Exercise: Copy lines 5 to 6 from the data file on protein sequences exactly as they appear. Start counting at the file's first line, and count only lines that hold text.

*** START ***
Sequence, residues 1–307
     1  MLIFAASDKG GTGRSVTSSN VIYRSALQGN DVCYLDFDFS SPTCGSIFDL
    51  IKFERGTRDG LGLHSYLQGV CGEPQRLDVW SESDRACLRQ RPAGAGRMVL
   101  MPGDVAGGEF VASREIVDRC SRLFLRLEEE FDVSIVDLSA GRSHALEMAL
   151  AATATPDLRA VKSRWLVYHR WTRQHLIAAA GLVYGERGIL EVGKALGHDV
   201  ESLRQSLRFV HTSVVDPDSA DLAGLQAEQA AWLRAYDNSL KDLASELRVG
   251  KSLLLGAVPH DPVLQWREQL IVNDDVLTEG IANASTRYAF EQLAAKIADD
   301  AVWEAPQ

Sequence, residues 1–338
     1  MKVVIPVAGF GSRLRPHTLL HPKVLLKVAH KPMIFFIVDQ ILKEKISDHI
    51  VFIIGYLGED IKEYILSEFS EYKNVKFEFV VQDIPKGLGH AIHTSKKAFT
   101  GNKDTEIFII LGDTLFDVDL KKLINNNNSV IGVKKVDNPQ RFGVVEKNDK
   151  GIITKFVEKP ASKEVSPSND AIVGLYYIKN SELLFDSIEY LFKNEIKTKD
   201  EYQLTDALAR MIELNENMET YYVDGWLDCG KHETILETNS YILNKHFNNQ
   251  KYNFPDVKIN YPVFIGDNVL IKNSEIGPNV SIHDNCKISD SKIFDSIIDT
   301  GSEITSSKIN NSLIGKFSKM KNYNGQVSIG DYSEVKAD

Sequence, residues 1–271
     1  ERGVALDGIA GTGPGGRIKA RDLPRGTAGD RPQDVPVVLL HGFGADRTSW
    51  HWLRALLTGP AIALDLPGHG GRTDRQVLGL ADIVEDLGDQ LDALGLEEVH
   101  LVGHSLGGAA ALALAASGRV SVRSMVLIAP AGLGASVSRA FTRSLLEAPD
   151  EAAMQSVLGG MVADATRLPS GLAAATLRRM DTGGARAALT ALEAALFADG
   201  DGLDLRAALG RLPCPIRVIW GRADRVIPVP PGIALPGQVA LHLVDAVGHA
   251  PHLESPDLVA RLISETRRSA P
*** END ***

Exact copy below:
   151  AATATPDLRA VKSRWLVYHR WTRQHLIAAA GLVYGERGIL EVGKALGHDV
   201  ESLRQSLRFV HTSVVDPDSA DLAGLQAEQA AWLRAYDNSL KDLASELRVG